I recently worked in the woods with groups of children and adults as part of a summer school of transitions. Groups came to me for a full day at a time. One of my challenges was setting the expectations with staff (who were only with me for a day) around allowing the children to get immersed in activities and reinforcing with the children that it is OK to get muddy and involved.
This is when the badges of honour turned from a metaphorical notion to a literal tangible thing.
I filled my pockets with them and brought them out at opportune moments, a girl who raced off and find the right sorts of sticks off the den she was making, met with an 'uuuugh' from her friends as she ran through a puddle.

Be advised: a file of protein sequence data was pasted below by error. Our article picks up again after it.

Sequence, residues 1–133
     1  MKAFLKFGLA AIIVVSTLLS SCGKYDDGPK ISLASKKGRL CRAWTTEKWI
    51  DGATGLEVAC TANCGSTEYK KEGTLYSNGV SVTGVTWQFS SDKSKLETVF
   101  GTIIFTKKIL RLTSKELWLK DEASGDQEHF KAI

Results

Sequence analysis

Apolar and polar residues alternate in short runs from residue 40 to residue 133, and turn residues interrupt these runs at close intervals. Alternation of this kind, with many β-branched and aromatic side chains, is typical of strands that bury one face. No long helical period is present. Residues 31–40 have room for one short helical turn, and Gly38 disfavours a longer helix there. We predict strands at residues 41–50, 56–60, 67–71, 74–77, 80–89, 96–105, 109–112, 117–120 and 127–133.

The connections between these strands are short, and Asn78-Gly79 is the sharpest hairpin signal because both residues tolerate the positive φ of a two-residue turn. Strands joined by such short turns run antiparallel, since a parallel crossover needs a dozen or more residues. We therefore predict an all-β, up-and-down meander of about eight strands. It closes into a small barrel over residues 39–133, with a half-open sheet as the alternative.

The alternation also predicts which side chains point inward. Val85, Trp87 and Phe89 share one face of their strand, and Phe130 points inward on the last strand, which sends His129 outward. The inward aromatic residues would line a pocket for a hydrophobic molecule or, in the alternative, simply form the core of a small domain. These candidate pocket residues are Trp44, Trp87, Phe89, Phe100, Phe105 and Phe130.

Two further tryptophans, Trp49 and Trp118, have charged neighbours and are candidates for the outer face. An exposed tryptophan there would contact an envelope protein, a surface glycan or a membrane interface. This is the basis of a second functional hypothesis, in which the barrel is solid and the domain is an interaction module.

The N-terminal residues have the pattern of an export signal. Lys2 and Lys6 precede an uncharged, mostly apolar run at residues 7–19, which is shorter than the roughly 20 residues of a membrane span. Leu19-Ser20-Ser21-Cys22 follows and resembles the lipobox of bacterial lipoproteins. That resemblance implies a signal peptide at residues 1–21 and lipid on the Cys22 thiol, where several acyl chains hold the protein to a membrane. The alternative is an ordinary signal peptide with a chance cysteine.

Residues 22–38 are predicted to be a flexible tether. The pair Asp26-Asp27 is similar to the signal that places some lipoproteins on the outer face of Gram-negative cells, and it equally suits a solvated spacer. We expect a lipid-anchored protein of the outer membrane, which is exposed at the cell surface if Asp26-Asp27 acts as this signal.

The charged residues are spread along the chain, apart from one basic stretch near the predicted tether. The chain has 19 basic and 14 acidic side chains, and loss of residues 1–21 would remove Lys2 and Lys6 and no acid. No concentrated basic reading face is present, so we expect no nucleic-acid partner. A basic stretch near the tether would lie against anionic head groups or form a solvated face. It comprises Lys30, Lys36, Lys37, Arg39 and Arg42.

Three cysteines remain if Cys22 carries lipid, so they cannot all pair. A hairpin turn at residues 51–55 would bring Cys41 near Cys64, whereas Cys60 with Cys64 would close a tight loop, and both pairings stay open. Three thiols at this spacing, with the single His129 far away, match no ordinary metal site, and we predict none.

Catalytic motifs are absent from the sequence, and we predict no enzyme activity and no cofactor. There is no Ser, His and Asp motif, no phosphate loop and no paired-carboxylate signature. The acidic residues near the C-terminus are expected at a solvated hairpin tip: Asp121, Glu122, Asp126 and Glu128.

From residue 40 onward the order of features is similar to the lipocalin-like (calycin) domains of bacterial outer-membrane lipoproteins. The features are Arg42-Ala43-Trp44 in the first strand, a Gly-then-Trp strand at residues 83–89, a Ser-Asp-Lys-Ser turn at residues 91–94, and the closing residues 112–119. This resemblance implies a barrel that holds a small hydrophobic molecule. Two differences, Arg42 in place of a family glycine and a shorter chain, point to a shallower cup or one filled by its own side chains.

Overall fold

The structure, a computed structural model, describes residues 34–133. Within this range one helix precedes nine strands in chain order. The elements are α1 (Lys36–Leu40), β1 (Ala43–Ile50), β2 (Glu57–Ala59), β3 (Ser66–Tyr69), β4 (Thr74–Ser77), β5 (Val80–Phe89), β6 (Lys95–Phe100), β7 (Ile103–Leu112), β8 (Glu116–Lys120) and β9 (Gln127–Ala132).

A badge of honour for muddy shoes changed the story and the girls raced off together.
A staff member complaining loudly about getting mud on her leggings actually looked kind of proud to receive the first badge of honour off the day.
Sitting, quietly after putting a plaster on a cut, I shared with the child that he had a badge of honour too, that cuts sometimes happen because you are living life adventurously.
As the summer holidays come to an end and looking down at my own hands and legs I can recognise there are badges of honour here too.